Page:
• "Annie Ernaux is not afraid of feelings. She writes like a general in command of a vast army of feelings." - Susan Salter Reynolds, The Los Angeles Times (30/9/2001)

  • "Annie Ernaux writes short, spare autobiographical books that are quickly dispensed with and difficult to forget. With the dispassion and efficiency of a military strategist, she ambushes her past, prying it from its refuge in nostalgia and oblivion and holding it up naked for all to see." - Emily Eakins, The New York Times Book Review (28/10/2001)

  • "Ernaux's talent lies in her distinctive style, characterized by its simplicity, truthful nature, and occasional brutal violence. In the space of a few pages, she captures the reader, who is seduced by the economy of her prose." - E.Nicole Meyer, World Literature Today (Winter/2002)

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Pros and Cons
of the author's work:

    Pros:
  • Writing is direct and (often unflinchingly) honest
  • Interesting (and piercing) point of view
  • Does some things -- confusion of childhood, discovery of sexuality -- exceptionally well
  • Her books are short, powerful reads
  • Accessible to an English-speaking audience (and most of her writing is available in translation)

    Cons:
  • Familiar subjects covered again and again (her parents and her childhood in particular)
  • Often little analysis or even reflection -- facts are merely presented
  • Autobiographical focus of all the books

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the complete review's Opinion

     Annie Ernaux's slim volumes are powerful little reads. They are short fictions, based in her life, most only a hundred pages or so in length. Similar territory is revisited and reexamined from book to book as she tries to come to terms with her childhood, her parents, her love affairs, and still she manages to create something new each time. Ernaux's self-reflection is surprisingly detached, a change from the usual obsessive autobiographical first-person fictions. The public display might make some uneasy, but the books hold great fascination.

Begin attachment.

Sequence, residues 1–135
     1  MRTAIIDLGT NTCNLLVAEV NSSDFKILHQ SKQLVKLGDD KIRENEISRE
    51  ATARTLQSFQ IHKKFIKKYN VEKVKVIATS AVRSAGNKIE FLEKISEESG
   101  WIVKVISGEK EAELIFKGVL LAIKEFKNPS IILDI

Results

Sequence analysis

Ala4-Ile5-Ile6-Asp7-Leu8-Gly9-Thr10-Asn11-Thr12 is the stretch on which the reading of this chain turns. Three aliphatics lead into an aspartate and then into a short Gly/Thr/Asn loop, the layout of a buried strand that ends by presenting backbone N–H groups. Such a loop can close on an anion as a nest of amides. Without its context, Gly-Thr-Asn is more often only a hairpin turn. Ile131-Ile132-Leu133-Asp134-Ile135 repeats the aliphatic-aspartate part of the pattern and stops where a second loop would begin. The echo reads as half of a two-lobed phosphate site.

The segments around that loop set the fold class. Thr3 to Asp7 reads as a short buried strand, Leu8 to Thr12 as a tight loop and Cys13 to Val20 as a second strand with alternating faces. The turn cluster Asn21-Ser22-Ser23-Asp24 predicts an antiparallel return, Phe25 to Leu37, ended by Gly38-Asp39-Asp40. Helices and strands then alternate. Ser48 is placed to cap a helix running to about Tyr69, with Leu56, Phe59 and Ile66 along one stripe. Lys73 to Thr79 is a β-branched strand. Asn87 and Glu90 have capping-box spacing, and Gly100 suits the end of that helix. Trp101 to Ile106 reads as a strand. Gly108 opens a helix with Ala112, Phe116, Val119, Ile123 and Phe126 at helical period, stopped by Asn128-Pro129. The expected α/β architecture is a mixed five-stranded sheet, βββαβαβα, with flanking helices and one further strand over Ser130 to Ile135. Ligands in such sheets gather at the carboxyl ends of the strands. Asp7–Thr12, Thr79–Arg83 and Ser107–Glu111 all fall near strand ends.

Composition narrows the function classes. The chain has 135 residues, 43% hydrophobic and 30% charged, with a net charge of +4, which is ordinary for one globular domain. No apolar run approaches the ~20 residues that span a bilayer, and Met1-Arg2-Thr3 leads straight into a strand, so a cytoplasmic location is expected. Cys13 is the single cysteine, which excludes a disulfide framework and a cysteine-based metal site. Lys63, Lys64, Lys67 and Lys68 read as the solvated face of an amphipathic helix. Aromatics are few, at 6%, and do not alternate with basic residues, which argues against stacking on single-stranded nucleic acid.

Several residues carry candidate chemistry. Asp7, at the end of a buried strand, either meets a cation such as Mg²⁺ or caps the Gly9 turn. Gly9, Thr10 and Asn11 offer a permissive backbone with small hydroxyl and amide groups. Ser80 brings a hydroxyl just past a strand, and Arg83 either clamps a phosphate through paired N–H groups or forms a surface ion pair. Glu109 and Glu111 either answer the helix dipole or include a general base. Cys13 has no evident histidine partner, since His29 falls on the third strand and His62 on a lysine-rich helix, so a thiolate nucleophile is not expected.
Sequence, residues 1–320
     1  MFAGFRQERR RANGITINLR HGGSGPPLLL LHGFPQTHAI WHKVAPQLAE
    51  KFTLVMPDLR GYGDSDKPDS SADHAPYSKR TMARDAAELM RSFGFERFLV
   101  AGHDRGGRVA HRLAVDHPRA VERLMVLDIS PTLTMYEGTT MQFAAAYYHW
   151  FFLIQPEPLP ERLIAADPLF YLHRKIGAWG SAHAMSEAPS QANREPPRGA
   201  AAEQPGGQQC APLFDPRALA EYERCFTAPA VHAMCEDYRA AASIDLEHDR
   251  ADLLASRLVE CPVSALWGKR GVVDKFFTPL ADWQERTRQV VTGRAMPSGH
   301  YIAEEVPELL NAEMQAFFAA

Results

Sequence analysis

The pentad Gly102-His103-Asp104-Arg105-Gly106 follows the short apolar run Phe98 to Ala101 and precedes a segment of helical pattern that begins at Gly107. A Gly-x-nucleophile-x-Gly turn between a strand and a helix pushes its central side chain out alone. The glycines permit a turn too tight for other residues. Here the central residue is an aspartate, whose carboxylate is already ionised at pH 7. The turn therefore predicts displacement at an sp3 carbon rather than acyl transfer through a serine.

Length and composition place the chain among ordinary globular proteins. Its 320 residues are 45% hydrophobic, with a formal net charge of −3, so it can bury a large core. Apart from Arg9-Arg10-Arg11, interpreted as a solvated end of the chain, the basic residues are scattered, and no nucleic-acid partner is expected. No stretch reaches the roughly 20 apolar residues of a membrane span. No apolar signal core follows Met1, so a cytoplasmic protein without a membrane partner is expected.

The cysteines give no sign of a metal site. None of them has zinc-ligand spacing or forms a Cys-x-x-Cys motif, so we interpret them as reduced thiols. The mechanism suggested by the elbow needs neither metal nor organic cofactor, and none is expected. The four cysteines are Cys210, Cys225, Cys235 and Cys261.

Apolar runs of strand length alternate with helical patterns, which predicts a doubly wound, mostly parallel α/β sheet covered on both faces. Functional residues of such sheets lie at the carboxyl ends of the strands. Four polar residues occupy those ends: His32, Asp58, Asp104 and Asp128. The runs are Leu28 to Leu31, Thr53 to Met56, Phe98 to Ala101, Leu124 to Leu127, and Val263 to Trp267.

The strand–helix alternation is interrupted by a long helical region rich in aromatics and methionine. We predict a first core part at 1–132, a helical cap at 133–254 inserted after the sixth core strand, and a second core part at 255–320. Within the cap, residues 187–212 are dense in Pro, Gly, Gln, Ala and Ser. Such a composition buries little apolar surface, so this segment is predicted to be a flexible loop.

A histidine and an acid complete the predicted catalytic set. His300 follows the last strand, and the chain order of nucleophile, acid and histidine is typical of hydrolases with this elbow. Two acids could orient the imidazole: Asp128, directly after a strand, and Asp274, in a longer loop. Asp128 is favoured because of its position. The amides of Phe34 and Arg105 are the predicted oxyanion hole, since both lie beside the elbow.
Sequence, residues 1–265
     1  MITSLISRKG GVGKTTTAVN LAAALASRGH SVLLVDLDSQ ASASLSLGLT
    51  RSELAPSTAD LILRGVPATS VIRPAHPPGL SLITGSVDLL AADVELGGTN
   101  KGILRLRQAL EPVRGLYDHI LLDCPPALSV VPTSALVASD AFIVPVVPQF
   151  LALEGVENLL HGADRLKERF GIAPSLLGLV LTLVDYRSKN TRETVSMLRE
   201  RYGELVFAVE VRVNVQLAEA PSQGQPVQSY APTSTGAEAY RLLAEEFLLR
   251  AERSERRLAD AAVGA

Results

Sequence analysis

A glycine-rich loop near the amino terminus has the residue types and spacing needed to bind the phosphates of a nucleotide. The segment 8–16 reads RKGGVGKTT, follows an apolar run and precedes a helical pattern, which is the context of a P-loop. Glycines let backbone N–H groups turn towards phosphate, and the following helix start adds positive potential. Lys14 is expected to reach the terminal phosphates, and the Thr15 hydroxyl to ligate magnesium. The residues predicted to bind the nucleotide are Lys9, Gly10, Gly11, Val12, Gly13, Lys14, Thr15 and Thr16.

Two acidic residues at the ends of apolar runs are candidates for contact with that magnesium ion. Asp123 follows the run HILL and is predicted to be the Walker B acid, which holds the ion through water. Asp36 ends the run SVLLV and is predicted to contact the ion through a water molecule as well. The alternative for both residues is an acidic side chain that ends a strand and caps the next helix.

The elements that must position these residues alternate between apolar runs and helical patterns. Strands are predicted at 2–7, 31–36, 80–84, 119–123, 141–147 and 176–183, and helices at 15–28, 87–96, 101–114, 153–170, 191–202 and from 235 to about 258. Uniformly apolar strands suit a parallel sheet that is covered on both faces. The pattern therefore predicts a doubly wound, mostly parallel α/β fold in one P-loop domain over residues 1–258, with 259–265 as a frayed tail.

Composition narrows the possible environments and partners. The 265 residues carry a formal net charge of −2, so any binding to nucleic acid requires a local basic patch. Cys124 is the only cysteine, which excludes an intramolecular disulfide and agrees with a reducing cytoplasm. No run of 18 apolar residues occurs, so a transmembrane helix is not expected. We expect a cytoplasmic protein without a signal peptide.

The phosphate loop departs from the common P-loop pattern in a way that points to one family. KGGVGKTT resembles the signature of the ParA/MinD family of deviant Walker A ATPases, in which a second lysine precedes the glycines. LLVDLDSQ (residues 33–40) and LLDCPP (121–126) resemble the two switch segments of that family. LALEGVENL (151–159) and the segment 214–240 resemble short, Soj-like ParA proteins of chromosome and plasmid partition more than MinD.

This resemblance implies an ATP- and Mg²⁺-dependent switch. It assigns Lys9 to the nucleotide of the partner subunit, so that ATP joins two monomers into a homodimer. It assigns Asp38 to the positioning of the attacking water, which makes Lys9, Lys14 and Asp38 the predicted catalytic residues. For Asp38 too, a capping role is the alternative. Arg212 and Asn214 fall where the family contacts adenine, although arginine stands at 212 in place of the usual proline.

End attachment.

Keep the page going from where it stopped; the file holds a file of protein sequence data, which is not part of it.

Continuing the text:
Ernaux writes simply, clearly, to the point. There is no great embellishment. In style and form she sticks to basics -- and still manages to achieve a certain poetry.
     It is an interesting life she has led: shopkeeper's daughter, a gifted student that escaped her working-class background through academic success (a difficult transition that continues to haunt and colour her life at every stage), teacher. With each book a new facet is revealed. Many of the significant stages in her life have been starkly revealed, neither dressed up nor self-pityingly played up. Ernaux admits to vulnerability and weakness. She is human and believable.
     Each next chapter is eagerly awaited.

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Links

Annie Ernaux: Annie Ernaux's Books at the complete review See also:
  • Index of other Author Pages at the complete review
  • Index of French literature at the complete review